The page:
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Prosecutor requests single trial in six cases pending against Pines ex-janitor

  • Robert Magoon is led away in handcuffs on April 7, 2017, after a jury finds him guilty of sexually assaulting a disabled woman at the Pines Community Center in Northfield.

  • Robert Magoon, 74, of Tilton is led away from the Merrimack County Superior Court in Concord. Magoon was convicted Thursday on two counts of aggravated felonious sexual assault. GEOFF FORESTER / Monitor staff



Monitor staff
Sunday, June 25, 2017

A county prosecutor is asking a judge to consolidate the six remaining sexual assault cases against a former Pines Community Center janitor to allow for one trial.

Assistant Merrimack County Attorney Wayne Coull said that if ex-janitor Robert Magoon were to stand trial in each of the six cases separately, the matter could remain open for two to three more years.

“Further, it is in the interests of justice to resolve this case in an expeditious process because it involves children as victims,” Coull said, arguing that one trial will minimize the risk of future trauma for children who have already endured so much.

Magoon, 74, of Tilton has previously been convicted on six counts of aggravated felonious sexual assault, for separate incidents involving two different victims: one adult and one child. Magoon, who previously also worked as a police officer in Concord and Franklin, is being held without bail as a result of his convictions this spring.

In the most recent trial this May, a girl, now 9, told jurors that Magoon would touch her under her pants and shirt during the Pines’s before-school program. She said the abuse happened on more than one occasion while she sat on Magoon’s lap to color.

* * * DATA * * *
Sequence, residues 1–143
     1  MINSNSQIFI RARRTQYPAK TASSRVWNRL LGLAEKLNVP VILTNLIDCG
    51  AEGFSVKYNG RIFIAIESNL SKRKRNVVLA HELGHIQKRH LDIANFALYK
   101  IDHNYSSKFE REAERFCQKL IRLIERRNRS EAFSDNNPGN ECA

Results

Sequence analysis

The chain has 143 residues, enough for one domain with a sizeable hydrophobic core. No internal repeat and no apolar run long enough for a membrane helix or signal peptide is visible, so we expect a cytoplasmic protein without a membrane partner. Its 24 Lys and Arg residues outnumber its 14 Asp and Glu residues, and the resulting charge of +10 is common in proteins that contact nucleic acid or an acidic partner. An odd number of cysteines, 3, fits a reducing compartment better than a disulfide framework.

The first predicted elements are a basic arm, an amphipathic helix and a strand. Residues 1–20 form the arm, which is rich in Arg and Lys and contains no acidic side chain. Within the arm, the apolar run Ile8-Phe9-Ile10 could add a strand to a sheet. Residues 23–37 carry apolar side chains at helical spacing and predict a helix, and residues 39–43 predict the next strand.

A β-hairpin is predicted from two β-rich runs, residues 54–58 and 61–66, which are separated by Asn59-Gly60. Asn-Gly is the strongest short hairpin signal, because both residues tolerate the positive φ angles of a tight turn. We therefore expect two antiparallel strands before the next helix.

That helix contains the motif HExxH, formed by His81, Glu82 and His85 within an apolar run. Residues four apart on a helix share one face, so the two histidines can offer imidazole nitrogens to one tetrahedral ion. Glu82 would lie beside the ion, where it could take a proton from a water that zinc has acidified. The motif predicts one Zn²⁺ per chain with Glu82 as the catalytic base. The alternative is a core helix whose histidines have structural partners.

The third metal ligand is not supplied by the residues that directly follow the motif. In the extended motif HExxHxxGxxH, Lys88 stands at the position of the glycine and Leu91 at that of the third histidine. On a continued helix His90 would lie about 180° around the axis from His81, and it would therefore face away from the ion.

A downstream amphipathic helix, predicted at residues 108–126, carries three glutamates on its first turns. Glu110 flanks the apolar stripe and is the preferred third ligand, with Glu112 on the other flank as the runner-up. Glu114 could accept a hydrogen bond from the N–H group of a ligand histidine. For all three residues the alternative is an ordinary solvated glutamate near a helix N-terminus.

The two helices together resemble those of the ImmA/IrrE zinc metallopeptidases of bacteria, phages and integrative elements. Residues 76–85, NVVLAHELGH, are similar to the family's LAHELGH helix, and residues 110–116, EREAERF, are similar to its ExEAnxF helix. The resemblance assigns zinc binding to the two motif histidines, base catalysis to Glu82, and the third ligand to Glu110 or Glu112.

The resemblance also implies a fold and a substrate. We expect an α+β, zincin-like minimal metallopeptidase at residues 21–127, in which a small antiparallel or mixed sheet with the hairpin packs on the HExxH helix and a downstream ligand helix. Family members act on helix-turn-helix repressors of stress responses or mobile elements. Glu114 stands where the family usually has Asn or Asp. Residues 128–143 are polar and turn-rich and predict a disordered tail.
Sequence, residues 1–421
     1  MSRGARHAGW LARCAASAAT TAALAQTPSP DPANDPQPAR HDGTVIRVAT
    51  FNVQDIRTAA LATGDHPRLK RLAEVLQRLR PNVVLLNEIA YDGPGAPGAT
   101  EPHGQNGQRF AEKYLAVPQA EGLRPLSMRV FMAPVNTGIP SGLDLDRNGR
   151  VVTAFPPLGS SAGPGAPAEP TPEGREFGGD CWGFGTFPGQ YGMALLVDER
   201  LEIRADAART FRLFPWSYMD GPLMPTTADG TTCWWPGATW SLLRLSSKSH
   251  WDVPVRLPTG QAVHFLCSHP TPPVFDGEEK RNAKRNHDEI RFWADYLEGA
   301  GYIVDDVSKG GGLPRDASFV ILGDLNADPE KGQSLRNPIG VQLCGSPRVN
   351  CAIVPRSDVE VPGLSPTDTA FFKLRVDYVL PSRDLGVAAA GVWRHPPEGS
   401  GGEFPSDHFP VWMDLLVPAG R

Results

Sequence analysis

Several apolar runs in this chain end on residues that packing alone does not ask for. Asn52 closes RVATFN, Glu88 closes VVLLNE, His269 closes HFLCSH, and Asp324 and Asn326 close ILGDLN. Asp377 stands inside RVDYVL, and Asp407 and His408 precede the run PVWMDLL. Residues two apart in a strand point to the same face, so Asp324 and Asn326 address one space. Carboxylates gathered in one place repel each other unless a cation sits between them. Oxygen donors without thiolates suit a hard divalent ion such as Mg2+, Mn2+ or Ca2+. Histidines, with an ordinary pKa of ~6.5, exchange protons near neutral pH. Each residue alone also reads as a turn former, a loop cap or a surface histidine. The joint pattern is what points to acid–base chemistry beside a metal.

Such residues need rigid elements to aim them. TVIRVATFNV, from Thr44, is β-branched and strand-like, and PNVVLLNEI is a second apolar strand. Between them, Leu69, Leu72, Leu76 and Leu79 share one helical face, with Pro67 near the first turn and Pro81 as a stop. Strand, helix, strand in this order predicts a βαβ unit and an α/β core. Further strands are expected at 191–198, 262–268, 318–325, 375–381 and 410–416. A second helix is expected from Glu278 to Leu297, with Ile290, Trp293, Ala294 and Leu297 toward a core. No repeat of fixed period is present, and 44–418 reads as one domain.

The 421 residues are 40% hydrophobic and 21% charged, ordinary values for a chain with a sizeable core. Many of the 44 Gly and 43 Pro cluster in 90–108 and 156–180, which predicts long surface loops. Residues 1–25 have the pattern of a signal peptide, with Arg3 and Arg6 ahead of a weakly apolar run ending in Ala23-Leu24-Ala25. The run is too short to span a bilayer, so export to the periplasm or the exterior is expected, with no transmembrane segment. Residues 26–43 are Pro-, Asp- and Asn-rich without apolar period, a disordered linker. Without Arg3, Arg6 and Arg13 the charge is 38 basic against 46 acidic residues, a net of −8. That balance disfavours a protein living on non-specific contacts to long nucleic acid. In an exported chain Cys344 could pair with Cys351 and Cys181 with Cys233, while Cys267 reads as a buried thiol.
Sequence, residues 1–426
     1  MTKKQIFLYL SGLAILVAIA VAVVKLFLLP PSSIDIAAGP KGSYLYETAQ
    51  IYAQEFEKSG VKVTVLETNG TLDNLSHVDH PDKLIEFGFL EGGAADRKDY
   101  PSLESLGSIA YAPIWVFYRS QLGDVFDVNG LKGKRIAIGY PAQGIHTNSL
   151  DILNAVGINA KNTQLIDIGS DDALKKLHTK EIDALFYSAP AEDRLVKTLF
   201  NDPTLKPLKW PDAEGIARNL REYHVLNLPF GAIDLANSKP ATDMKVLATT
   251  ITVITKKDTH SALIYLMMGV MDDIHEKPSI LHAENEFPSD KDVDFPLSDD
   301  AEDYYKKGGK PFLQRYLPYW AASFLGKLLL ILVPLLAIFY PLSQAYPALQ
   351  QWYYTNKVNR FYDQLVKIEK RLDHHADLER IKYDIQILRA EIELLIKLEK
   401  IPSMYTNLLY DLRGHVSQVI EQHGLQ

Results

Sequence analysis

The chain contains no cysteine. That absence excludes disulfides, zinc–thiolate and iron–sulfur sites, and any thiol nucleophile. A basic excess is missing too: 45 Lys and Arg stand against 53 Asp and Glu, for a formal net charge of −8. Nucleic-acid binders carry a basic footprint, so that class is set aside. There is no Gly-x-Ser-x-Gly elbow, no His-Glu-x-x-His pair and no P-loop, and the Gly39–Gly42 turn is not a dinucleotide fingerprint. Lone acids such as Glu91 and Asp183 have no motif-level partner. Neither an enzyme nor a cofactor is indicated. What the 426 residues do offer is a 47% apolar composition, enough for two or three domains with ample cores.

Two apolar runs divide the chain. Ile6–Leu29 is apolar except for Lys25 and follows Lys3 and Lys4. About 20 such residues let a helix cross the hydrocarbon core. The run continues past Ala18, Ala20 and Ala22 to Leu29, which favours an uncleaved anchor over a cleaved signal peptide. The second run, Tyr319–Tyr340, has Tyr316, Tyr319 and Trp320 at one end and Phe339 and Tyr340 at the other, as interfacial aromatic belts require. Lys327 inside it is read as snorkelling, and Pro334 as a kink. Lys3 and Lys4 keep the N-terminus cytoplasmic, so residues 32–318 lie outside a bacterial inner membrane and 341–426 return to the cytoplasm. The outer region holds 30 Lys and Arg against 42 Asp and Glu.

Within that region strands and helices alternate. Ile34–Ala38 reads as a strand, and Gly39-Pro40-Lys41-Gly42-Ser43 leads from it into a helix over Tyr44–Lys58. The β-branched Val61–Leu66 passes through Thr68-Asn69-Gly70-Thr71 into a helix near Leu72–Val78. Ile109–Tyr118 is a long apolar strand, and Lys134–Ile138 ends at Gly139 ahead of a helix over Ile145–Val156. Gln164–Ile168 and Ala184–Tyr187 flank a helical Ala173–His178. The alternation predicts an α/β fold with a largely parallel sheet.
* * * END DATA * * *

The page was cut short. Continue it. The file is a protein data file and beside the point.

A separate jury convicted Magoon in April of sexually assaulting a now-29-year-old disabled woman confined to a wheelchair, also at the Pines in Northfield. His attorneys are now arguing that two of his four felony sexual assault convictions in that case should be overturned, claiming that the record of the woman’s testimony is not specific and clear enough to support a guilty finding.

Coull has objected to the defense’s motion, while simultaneously pushing for one trial on several sexual assault charges still pending against Magoon.

In his motion to consolidate, Coull identifies similarities between the cases and Magoon’s alleged victims, all children ranging in age from 7 to 13. Coull notes that the charged acts occurred between 7 a.m. and 9 a.m. while students waited for transportation to school, and that the alleged abuse was carried out in the game room, where Magoon went after finishing his janitorial duties.

“The abuse consisted of a pattern of fondling of the children’s private areas underneath the children’s clothing,” Coull said, adding that Magoon would provide gifts and money to his favorites.

Coull said each case has many of the same witnesses, including current and former Pines employees, a forensic interviewer from the Merrimack County Advocacy Center and Northfield police.

“If the charges are not joined these individuals would need to duplicate their testimony at six separate trials at significant time and expense,” he said.

Because of a child’s decision to come forward, Coull said, police reached out to the parents of other female children to inquire about their experiences at the Pines and their interactions with Magoon. He said preventing witnesses from testifying about that part of the investigation “would create an irrational narrative for the jury leaving them to ponder as to why the police randomly contacted families to inquire about the sexual assault of their children.”

Magoon is next scheduled to stand trial this fall, but that could change depending on whether the six cases are consolidated.

(Alyssa Dandrea can be reached at 369-3319, adandrea@cmonitor.com or on Twitter @_ADandrea.)